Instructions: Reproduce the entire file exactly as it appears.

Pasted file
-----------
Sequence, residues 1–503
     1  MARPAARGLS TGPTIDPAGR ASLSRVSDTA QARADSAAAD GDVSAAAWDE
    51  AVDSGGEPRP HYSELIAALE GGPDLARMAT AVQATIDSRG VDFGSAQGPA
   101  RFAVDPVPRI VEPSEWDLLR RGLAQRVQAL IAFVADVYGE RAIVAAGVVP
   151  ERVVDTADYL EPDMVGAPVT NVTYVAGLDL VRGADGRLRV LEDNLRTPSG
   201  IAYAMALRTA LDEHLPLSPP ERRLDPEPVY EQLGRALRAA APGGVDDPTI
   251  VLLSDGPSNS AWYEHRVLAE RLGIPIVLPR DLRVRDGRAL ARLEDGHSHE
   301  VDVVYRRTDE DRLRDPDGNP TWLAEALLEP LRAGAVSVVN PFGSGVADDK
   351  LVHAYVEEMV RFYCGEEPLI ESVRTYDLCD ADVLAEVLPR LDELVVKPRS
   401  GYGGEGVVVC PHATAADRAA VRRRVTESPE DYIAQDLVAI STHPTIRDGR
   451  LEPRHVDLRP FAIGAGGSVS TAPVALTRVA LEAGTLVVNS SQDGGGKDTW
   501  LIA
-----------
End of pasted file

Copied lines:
Sequence, residues 1–503
     1  MARPAARGLS TGPTIDPAGR ASLSRVSDTA QARADSAAAD GDVSAAAWDE
    51  AVDSGGEPRP HYSELIAALE GGPDLARMAT AVQATIDSRG VDFGSAQGPA
   101  RFAVDPVPRI VEPSEWDLLR RGLAQRVQAL IAFVADVYGE RAIVAAGVVP
   151  ERVVDTADYL EPDMVGAPVT NVTYVAGLDL VRGADGRLRV LEDNLRTPSG
   201  IAYAMALRTA LDEHLPLSPP ERRLDPEPVY EQLGRALRAA APGGVDDPTI
   251  VLLSDGPSNS AWYEHRVLAE RLGIPIVLPR DLRVRDGRAL ARLEDGHSHE
   301  VDVVYRRTDE DRLRDPDGNP TWLAEALLEP LRAGAVSVVN PFGSGVADDK
   351  LVHAYVEEMV RFYCGEEPLI ESVRTYDLCD ADVLAEVLPR LDELVVKPRS
   401  GYGGEGVVVC PHATAADRAA VRRRVTESPE DYIAQDLVAI STHPTIRDGR
   451  LEPRHVDLRP FAIGAGGSVS TAPVALTRVA LEAGTLVVNS SQDGGGKDTW
   501  LIA